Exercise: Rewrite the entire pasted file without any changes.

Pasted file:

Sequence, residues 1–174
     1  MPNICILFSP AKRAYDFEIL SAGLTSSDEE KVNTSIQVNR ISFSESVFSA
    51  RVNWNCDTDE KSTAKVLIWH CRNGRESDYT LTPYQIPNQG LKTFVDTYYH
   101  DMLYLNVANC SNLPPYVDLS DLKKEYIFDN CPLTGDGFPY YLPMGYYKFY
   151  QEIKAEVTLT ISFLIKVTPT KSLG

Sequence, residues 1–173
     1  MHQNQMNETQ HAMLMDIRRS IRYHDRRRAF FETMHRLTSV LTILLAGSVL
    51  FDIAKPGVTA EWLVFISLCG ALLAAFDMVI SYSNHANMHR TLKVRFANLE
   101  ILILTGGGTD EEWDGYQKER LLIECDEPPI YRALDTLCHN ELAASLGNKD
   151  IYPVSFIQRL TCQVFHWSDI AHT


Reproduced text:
Sequence, residues 1–174
     1  MPNICILFSP AKRAYDFEIL SAGLTSSDEE KVNTSIQVNR ISFSESVFSA
    51  RVNWNCDTDE KSTAKVLIWH CRNGRESDYT LTPYQIPNQG LKTFVDTYYH
   101  DMLYLNVANC SNLPPYVDLS DLKKEYIFDN CPLTGDGFPY YLPMGYYKFY
   151  QEIKAEVTLT ISFLIKVTPT KSLG

Sequence, residues 1–173
     1  MHQNQMNETQ HAMLMDIRRS IRYHDRRRAF FETMHRLTSV LTILLAGSVL
    51  FDIAKPGVTA EWLVFISLCG ALLAAFDMVI SYSNHANMHR TLKVRFANLE
   101  ILILTGGGTD EEWDGYQKER LLIECDEPPI YRALDTLCHN ELAASLGNKD
   151  IYPVSFIQRL TCQVFHWSDI AHT